When to change the connecting rod by R.Poage
Originally Posted by Grasshopper1
How much play in the big end of a con rod is normal?
What does excess play cause in an engine in terms of performance and reliability?
The connecting rod is one of the most stressed parts in any engine, and therefore needs to be checked frequently to avoid expensive engine damage due to failure. Some factories suggests that connecting rods be subjected to a measured operating life, and replaced maximum after 5 liters of fuel under normal operating circumstances. Some factories suggest visual inspection to determine rod life.
We feel that a combination of the two methods is best to ensure catching a rod before it goes bad. It is also very important to check the condition of the connecting rod periodically during this operating life to ensure that premature wear has not developed.
We recommend that this check be performed before each race day, and the easiest way is to remove the rear cover from the engine (raise the piston up into a compressed position first! before removing the rear cover) then gently rotate the crankshaft in both directions to determine the amount of play in the connecting rod. If the amount of play seems excessive (you can detect movement / play with your eye), we suggest carefully disassembling the engine and measuring the crankshaft pin and connecting rod for excessively wear, a maximum differential of 0.04 and 0.05 mm in diameters is acceptable.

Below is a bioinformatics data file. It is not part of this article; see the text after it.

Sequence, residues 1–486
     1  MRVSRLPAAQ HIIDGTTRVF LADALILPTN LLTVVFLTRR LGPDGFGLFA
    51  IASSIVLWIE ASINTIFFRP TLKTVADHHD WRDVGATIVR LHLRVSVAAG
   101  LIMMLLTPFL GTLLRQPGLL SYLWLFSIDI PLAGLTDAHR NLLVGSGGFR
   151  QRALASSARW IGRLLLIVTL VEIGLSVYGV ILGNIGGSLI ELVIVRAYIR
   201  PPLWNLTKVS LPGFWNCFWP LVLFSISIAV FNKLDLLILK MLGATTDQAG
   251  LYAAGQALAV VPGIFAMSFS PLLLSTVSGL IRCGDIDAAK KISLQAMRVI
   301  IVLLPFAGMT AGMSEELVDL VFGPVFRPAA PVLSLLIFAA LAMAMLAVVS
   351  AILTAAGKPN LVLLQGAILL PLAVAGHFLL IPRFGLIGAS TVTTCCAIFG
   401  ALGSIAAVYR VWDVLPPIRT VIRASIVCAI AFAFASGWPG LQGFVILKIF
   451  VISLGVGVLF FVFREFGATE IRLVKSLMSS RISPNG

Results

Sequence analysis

The fact that the crankshaft pin must be absolutely round (as must be the hole in the connecting rod) is one of the most overlooked aspects of engine wear, and can result in damage even with a brand new rod. The proper way to measure this is to measure with a micrometer on one axes (in line with the direction the rod would travel) and then again on the axes perpendicular to the first. The difference of these two measurements should be < 0.002 if any. The connecting rod should also be visually inspected for signs of wear in the bushing areas, and the oiling holes cleared of any debris.
Obtain the correct factory replacement conrod and "new wrist pin clips". Install the new rod exactly like the old one was before you removed it. Note the oil hole in the conrod should be towards the crank.
We also suggest that you inspect and consider replacing the rod if the engine has seen any trauma such as a failure of the two-speed one-way (over revving the engine) or a significant over heating of the engine.
As a general rule engines that are run hard should have a rod replacement at least every 1.5 gallons of fuel regardless of visual inspection.
It is very hard to standardize how hard customers run their engines, or what kind of gearing or temperatures these engines see, but is impossible to rebuild and engine with a hole in it, so error on the conservative side is in order.